The chiffonier is a sideboard, or cabinet, introduced during the late 18th century with open shelves for books and a cupboard or drawers below.
Thomas Chippendale 1718-1779 was one of the great cabinet makers of the 18th-century England. His work shows a refinement of Georgian styles, influenced by the Gothic, Chinese, and French rococo. First of his era to extensively use mahogany rather than walnut, the prevailing wood in the Early Georgian period. In 1754 he published "The Gentlemen's and Cabinetmaker's Drectory," illustrating the styles of the day.
A large cup with two handles, a cover and a saucer.
A type of enamelling in which compartments separated by thin strips of metal are filled with powdered glass prior to firing.
Chair for reading and writing or viewing sports events used by straddling the seat and facing the back. The back has a small shelf. Popular from Queen Anne to Chippendale periods.
Wares that commemorate an important or historical event, such as a battle, coronation, or wedding.
French form of low chest-of-drawers , originally intended for the drawing room, dating from the mid 17th-century and very popular in the 18th century. Became a term for bedroom cupboards in the 19th century.
A small table that can be attached to the wall in the back having two legs in front or can be free-standing against the wall.
The projeting, crowning portion of a classical entablature. Also horizontal molding at the top of case pieces, such as bookcases and cabinets.
Classical motif in the shape of a goat's horn out of which spills fruit, vegetables, and flowers. A symbol of fertility and abundance popular during the Baroque and Rococo periods. Also horn-of-plenty.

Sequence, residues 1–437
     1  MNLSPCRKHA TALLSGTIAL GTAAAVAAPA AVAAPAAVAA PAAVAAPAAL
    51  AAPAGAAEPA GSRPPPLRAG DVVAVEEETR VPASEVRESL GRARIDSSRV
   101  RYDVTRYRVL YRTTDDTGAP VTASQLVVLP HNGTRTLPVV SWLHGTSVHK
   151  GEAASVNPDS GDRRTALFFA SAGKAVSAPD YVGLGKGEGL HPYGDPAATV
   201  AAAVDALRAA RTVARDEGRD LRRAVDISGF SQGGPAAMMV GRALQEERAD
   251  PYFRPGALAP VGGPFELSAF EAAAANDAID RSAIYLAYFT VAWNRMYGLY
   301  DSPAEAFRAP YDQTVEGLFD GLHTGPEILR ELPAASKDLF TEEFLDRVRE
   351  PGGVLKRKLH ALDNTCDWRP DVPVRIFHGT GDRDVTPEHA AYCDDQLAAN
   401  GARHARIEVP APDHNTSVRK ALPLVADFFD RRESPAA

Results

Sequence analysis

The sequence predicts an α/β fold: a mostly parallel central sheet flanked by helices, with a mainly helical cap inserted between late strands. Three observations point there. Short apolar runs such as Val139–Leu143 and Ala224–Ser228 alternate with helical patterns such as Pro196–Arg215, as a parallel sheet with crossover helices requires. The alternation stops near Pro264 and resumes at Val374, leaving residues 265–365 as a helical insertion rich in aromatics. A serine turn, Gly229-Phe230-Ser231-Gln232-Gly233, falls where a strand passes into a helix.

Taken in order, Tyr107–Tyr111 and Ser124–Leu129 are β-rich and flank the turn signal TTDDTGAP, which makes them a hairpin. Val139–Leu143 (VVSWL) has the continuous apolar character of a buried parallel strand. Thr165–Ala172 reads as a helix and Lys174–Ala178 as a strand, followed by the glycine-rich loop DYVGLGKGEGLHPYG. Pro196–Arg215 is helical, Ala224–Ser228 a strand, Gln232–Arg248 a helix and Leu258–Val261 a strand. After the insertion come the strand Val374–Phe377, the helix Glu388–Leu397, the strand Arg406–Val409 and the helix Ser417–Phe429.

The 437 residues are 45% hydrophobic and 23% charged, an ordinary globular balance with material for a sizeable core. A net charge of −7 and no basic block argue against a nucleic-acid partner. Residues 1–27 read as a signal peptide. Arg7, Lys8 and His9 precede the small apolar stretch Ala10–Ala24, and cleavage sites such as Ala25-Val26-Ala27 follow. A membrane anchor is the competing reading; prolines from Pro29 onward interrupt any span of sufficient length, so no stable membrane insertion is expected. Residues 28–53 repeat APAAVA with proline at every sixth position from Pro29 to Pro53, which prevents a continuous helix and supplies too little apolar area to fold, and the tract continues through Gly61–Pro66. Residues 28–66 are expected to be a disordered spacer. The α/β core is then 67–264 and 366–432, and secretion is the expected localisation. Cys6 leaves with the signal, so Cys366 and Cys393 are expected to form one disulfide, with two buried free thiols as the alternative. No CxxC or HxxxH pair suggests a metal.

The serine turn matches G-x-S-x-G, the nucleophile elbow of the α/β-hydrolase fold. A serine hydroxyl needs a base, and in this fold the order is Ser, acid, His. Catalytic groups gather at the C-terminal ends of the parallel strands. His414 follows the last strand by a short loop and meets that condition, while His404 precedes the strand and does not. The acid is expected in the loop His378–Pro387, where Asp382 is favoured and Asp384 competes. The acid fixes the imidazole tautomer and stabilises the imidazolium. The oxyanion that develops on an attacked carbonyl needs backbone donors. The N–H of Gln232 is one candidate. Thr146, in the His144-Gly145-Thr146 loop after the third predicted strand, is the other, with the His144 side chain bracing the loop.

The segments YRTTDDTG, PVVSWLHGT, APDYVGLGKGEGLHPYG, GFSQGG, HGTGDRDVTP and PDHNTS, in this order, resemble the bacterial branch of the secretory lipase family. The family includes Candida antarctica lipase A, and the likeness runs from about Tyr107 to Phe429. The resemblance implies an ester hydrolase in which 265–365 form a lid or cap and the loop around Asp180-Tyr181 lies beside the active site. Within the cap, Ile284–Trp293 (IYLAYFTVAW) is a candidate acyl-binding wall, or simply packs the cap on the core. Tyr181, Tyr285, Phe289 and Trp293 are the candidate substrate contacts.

This valuable wood hails from India, Sri Lanka and South East Asia. Characterized by its hazel brown color with dramatic black stripes, this wood is heavy and very hard, much like ebony wood, to which it is closely related. Coromandel was used in the finest furnishings such as cases, revered for its distinct appearance. It was also used to craft walking sticks, billiard cues and musical instruments.
A network of cracks in the glaze of some Chinese porcelain, deliberately introduced as decoration.
Tiny surface cracks in the glaze of porcelain or on a painting.
A lead-glazed and cream colored earthenware with a light body consisting of pale clay. Creamware was perfected in Staffordshire in the mid-18th century.
Sideboard with doors surmounted by drawers, used for storage.
Thin strips of decorative cross-grained veneer.
A thin sheet of wood cut from the intersection of the main trunk and branch of a tree, showing an irregular effect of graining.
The highest molding on a door, window, or cabinet.
A cruet is a small bottle used for oils, vinegars and other condiments. Its earliest use was ecclesiastical for wine, oil and water. A few medieval examples exist today. In the late 17th century, cruets were used domestically and were made of glass imported from Italy and adorned with silver or silver-plated mounts. Cruets were grouped together on a stand in a frame or rack typically with a central vertical handle and supporting feet. The number of bottles could vary from two to six or more and were often combined with casters.
Fine, high-quality glass containing lead oxide invented in 17th century England. The lead oxide is attributed to providing the glass with extraordinary qualities of brillance, sound and a suitable texture for cutting or engraving. Some of the finest crystal ever made is from Baccarat in France (est. 1816) and Waterford in Ireland (est. 1729).
Any glass whose surface has been cut into facets, grooves and depressions aided by a large, rotating wheel. Wheel cutting glass decoration was developed in the 8th century BC, but the technique of faceting wasn't perfected until the 18th century in England. Although cutting glass is a costly and difficult process, the brilliant effects are extraordinary!